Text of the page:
Edward Pond (EP): It took me four years of journalism school to realize I didn't want to be a journalist. I preferred playing music and messing about with my camera. So I moved to Toronto to pursue both. In short order, I was assisting a food shooter and learning what it means to really eat. I met all these chefs and food suppliers and I was hooked.
ATH: You really manage to capture the vitality of the food in your photos, providing mouth-watering images. Has your experience thus far changed the way you look at food?
EP: I grew up eating on autopilot. Typical waspy boiled, bleached, boxed diet. And because I'm really thin, I never had any motivation to be careful about what I ate. It just didn't seem relevant. Then in my 20s, I stumbled into food photography and my food awareness exploded. Suddenly I was celebrating every meal and my whole life improved. I'm healthier, more focused and every meal is bliss, even if it's just a bowl of oatmeal. Since food is the foundation of our existence, why shouldn't our day pivot on smart, delicious eating? I know it's a cliché, but look at the French!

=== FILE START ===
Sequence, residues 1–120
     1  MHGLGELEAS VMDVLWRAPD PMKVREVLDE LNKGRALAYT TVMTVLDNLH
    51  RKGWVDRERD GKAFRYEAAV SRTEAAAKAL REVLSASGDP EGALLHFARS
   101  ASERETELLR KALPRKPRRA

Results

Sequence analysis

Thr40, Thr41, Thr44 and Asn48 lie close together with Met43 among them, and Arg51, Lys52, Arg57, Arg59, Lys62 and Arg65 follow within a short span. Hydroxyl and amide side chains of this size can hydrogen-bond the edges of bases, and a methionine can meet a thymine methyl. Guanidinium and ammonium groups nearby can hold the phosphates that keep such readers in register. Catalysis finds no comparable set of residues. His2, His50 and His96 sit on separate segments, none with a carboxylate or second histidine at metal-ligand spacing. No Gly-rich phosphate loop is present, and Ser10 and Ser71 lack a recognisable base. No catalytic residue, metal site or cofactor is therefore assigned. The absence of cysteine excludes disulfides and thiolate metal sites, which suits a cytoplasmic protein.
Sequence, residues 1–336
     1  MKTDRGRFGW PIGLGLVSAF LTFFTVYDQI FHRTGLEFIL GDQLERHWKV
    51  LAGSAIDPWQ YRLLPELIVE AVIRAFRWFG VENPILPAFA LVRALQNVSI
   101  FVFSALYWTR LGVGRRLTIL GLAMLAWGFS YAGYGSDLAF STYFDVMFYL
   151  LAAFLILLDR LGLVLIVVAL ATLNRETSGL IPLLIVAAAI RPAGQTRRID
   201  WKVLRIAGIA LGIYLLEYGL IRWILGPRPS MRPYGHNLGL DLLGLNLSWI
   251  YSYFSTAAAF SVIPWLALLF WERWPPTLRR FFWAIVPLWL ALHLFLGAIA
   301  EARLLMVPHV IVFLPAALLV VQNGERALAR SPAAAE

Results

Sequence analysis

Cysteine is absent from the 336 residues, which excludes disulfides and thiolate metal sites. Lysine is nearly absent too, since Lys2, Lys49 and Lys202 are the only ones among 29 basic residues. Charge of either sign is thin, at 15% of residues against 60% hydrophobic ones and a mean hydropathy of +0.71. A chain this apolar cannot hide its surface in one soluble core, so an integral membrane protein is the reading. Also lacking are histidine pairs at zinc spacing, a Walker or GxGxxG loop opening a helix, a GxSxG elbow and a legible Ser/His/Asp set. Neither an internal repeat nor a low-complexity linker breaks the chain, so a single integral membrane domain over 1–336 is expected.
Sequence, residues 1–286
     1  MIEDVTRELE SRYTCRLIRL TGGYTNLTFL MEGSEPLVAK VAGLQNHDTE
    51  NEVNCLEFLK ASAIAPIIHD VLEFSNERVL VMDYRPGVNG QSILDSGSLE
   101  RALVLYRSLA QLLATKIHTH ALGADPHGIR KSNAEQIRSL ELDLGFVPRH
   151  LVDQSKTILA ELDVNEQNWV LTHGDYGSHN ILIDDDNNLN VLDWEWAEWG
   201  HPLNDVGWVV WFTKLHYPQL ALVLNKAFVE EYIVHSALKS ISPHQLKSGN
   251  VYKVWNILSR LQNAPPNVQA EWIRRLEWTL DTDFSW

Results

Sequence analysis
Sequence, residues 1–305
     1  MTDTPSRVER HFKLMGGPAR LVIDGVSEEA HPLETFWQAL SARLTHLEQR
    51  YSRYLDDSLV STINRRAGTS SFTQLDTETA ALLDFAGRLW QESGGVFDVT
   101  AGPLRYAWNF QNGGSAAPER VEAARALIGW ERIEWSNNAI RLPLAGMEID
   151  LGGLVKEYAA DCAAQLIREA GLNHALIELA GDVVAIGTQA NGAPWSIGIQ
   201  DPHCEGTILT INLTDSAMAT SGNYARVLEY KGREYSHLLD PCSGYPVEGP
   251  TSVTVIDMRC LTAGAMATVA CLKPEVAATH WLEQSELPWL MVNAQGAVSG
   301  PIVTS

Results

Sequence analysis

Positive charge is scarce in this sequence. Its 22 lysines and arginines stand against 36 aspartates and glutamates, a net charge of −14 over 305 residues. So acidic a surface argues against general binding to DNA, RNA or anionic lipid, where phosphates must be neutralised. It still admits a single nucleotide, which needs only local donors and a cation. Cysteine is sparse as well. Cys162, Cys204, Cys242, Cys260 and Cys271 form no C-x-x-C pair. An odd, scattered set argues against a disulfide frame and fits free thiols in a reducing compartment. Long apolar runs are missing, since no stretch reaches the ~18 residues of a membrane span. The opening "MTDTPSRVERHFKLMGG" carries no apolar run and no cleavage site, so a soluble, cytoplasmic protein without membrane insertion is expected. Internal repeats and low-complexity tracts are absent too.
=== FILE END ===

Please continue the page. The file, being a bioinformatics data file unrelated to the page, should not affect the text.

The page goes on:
ATH: Are there certain foods that lend themselves better to being photographed? Are some more "photogenic" than others?
EP: Now that you mention it, I find the more natural and real the food is, the better it shoots. When you have something simple, made with fresh ingredients, it always looks great.
ATH: What was your experience like shooting the photos for Earth to Table? What did you learn from this experience with respect to local, seasonal cuisine?